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How’s the Middle East’s wealth multiplying, and where is all money going?

Oil-rich nations of the Middle East are home to scores of millionaires coming from various parts of the world. With the current steady increase in oil prices projected over the next few months, the region is expected to see a good rise in the number of wealthy individuals surpassing the global growth rates.

According to a recent study by Boston Consulting Group (BCG), the number of rich individuals in the Middle East holding share in investable assets is predicted to grow by more than 14 percent during 2017-2022, and their number is expected to reach 1,460,000.

Outpacing global average

As per Dubai-based financial experts, growth in equity markets and investment funds, apart from oil market recovery, are major reasons behind the rise of wealth in the region. This growth is even higher than the global average, as the number of affluent people holding investable assets is forecast to rise by only 7.4 percent globally during the period of 2017 to 2022.

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“In terms of wealth, Middle East is expected to do well. We are seeing maximum returns coming from equities and investment funds. And this is expected to multiply by the beginning of 2019,” said Eugene Watson, a personal wealth manager based in Dubai.

“Moreover, 2017 was a bullish year, and we saw a steady rise in wealth in all major economies across the globe. Also strengthening of various currencies against the US dollar has also added impetus in the money market,” added Watson.

Where is the money going?

Most of the affluent individuals in the Middle East prefer to invest in investable assets that include currency, investment funds, bonds, listed equity and deposits. If we go by confirmed numbers, more than 82 percent of Middle East region’s wealth was invested in investable assets. However, it was 60 percent globally.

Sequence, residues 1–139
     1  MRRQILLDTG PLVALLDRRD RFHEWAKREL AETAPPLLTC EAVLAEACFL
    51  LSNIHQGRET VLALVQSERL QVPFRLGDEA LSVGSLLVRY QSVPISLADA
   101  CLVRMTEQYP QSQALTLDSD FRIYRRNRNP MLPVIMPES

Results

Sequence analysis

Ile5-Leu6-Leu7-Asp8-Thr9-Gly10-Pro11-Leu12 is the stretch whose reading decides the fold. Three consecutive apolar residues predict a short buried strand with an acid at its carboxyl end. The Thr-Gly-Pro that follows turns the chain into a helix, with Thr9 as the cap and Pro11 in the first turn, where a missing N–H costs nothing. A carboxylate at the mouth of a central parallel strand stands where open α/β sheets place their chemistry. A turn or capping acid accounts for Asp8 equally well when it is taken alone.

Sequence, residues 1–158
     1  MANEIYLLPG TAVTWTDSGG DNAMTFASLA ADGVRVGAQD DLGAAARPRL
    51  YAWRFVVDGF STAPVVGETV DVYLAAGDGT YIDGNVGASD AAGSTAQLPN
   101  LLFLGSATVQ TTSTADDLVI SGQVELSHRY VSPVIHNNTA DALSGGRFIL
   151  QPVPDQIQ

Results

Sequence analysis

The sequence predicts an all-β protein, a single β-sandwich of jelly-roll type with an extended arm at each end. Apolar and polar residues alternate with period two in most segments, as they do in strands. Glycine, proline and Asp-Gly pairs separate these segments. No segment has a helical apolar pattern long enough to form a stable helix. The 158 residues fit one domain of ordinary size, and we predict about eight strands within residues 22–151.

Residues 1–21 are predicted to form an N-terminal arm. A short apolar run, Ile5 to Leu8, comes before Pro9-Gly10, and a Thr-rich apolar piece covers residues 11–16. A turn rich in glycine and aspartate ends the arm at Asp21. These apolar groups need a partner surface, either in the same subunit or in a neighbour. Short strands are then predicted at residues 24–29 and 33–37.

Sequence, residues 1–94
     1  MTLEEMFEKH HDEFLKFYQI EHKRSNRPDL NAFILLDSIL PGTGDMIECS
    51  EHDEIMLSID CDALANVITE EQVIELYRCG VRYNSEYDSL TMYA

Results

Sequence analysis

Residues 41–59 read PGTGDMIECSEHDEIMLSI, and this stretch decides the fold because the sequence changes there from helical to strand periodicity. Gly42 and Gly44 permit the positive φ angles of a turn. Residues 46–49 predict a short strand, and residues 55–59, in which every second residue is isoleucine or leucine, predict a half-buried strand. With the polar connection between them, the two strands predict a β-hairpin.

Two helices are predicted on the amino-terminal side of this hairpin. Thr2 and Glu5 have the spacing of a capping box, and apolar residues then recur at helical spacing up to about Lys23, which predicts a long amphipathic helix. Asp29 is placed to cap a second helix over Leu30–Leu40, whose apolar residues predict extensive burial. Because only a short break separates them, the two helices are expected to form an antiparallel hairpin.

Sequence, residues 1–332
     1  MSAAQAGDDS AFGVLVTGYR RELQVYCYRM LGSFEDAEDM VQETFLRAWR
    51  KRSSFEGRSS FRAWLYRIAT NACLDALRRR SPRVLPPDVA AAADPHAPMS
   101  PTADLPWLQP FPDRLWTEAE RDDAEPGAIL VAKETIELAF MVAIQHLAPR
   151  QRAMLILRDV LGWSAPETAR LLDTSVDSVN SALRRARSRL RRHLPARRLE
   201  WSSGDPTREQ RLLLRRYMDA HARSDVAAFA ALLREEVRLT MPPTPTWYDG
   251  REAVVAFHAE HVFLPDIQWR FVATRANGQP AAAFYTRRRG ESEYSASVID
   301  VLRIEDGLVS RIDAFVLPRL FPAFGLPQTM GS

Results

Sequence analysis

Moreover, affluent individuals who fall in the bracket of people possessing assets ranging between $250,000 to $1 million are not showing much interest in non-investable assets, such as unlisted equities and life insurances.

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“In terms of asset classes, $121.6 trillion (60 percent) of global wealth took the form of investable assets with the remaining $80.3 trillion (40 percent) held in non-investable or low-liquidity assets such as life insurance, pensions funds, and equity in unquoted companies,” stated the BCG report’s findings.

Fueling wealth in the region

Recovery in oil prices has played a crucial role in the rise of wealth and affluent individuals in the Middle East. Oil prices significantly recovered over the last few months and touched a three-year high at $80 per barrel in May 2018. The dip in oil prices started in mid-2014 and slashed from more than $110 per barrel to only $30 per barrel during the initial months of 2016.

Besides, growth in non-oil activity has also given momentum to the region’s prosperity. Even the International Monetary Fund (IMF) has projected a good growth, coming out of non-oil assets, in region in the coming months.

“Economic growth in oil exporters in the Middle East, North Africa, Afghanistan, and Pakistan (MENAP) bottomed out in 2017 and is expected to accelerate in 2018–19. This largely reflects the continued recovery in non-oil activity as many countries are slowing the pace of fiscal consolidation in support of domestic demand,” stated the IMF.

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To be continued

According to the BCG report, the Middle East and Africa region’s joint wealth is expected to rise at a Compound Annual Growth Rate (CAGR) of eight to ten percent during 2017 to 2022. As for the global wealth, it is predicted to grow at a CAGR of only seven percent during the same period.

The report also mentioned that the wealth of the Middle East surged by 11.8 percent in 2017, reaching $3.8 trillion from $3.4 trillion in 2016.